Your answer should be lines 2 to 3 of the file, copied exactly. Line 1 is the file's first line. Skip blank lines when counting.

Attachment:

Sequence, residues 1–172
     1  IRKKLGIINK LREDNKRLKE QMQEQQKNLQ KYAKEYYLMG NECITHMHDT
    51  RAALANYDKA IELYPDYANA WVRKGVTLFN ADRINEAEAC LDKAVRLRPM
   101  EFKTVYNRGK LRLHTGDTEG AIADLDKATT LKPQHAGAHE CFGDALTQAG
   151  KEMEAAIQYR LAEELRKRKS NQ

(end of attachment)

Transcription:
     1  IRKKLGIINK LREDNKRLKE QMQEQQKNLQ KYAKEYYLMG NECITHMHDT
    51  RAALANYDKA IELYPDYANA WVRKGVTLFN ADRINEAEAC LDKAVRLRPM